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Spartan is new web browser for Microsoft’s Windows 10

Anne Shields

Key takeaways from Microsoft Windows 10 release announcement (Part 6 of 10)

(Continued from Part 5)

Microsoft’s Windows 10 has new web browser

In its Windows 10 release, Microsoft (MSFT) announced that Windows 10 will include a new web browser called Spartan. With Windows 10, Spartan will be the default browser. It will feature both a refreshed interface and other improvements that were not included in Internet Explorer (or IE).

The Spartan web browser is equipped with inbuilt Cortana, Microsoft’s digital assistant with its contextual searching. So if a person looks up  a restaurant on Spartan, Cortana will throw in a map, a menu, and contact details. We’ll see in a later part of the series how Microsoft with its IE is placed in the web browsing space along with its peers Google (GOOG) (GOOGL), Mozilla Firefox, and Apple (AAPL).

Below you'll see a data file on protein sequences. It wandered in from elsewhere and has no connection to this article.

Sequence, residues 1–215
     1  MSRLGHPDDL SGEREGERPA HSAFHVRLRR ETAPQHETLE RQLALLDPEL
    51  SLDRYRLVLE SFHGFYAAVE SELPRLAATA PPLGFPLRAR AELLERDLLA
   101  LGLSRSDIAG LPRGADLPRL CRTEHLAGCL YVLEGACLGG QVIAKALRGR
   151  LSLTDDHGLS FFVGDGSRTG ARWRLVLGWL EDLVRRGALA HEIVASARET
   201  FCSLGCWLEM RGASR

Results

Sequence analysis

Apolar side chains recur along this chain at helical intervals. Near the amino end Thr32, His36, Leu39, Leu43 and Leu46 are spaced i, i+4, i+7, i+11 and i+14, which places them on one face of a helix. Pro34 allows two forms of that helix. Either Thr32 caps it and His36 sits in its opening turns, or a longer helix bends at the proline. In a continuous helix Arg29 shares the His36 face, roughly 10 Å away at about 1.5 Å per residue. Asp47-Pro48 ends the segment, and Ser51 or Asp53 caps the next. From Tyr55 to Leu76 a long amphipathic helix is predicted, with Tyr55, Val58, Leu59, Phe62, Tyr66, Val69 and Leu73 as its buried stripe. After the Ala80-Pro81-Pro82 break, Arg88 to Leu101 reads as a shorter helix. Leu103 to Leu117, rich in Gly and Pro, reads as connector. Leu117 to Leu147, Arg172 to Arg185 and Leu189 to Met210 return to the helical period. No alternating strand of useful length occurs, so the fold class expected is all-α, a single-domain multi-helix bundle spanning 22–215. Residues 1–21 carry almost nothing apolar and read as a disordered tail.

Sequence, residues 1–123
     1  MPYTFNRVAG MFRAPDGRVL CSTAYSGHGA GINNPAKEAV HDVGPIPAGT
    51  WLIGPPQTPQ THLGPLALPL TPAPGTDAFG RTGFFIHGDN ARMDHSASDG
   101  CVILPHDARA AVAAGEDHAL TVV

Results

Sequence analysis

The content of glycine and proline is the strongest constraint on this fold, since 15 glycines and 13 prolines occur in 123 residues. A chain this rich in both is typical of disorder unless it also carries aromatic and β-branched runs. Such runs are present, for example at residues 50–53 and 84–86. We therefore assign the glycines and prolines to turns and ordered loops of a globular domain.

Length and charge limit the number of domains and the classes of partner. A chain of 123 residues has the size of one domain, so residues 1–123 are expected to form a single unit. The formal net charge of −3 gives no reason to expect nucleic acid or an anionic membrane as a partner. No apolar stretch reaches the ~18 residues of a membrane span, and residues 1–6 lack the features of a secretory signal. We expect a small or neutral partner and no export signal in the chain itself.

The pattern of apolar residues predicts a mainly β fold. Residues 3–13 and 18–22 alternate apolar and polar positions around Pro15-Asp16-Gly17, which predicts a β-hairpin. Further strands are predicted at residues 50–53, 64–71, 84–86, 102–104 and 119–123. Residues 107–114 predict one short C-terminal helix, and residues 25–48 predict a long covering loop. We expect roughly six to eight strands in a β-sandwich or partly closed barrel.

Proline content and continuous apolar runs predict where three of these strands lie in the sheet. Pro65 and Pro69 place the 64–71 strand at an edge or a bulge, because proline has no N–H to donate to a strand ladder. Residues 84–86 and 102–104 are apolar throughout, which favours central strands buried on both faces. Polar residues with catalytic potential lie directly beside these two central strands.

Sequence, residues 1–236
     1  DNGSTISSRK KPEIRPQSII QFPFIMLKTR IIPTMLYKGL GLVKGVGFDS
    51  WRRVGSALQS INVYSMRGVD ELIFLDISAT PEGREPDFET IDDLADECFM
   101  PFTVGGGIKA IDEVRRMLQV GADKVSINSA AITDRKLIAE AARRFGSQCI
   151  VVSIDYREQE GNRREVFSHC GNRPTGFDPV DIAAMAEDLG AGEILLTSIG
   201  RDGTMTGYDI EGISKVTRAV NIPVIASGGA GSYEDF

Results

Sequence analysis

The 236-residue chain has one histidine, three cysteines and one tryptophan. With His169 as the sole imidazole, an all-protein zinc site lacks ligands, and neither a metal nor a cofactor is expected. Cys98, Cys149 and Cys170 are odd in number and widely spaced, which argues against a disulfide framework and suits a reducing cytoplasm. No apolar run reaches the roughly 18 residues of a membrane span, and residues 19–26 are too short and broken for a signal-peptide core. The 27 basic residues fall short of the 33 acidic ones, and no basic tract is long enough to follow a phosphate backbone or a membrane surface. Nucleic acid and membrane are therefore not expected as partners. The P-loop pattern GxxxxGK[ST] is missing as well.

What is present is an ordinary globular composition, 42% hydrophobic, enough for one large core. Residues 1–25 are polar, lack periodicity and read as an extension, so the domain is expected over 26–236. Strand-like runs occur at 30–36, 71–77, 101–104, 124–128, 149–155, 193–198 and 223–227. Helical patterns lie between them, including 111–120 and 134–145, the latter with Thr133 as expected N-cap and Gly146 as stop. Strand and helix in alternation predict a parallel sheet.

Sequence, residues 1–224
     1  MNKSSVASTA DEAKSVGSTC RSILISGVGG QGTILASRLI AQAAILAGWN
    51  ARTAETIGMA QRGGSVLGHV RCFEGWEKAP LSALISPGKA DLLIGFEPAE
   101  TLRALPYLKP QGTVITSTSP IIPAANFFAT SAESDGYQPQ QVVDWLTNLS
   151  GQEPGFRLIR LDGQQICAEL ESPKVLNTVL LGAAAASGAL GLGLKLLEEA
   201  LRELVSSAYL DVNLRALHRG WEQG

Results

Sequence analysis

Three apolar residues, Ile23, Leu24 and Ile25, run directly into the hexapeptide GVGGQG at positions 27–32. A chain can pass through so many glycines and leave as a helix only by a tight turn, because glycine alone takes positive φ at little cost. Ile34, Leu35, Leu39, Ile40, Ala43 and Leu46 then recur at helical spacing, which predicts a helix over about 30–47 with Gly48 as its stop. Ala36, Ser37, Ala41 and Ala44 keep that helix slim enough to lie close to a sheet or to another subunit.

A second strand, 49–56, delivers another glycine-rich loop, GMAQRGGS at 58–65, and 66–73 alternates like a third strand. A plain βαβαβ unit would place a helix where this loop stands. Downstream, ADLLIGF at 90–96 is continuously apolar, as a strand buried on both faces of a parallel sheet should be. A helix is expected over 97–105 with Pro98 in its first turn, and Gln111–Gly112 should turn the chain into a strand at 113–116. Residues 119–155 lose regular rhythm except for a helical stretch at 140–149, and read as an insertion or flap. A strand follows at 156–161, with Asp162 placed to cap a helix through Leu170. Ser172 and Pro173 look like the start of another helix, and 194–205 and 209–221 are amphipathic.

If Microsoft’s (MSFT) Spartan turns out to be a preferred choice in the web browsing space, it will not only benefit its investors but also ETFs such as the Powershares QQQ Trust (QQQ) and the Technology Select Sector SPDR Fund (XLK), which have 8.00% and 9.61% exposure to Microsoft, respectively.

The above chart shows the percentage share of desktop browsers in 2014.

Spartan is a universal app

As mentioned in the earlier part of this series, Microsoft launched universal apps so apps can move from one device to the other without much hassle. Spartan is also a universal app meant to work across all Windows 10 devices, from smartphones to desktops.

Spartan allows its users to annotate a webpage using a stylus or touch interface, click on any section of a webpage to type a comment, and then share the page with friends or coworkers.

According to Microsoft, “Spartan loads the IE11 engine for legacy enterprise web sites when needed.” Essentially, enterprise websites that older technologies designed only for Internet Explorer, custom ActiveX controls, and Browser Helper Objects will load on IE as well as Spartan.

According to a Microsoft blog post, Internet Explorer will use the same dual rendering engines as Spartan, ensuring that web developers can consistently target the latest web standards.

Continue to Part 7

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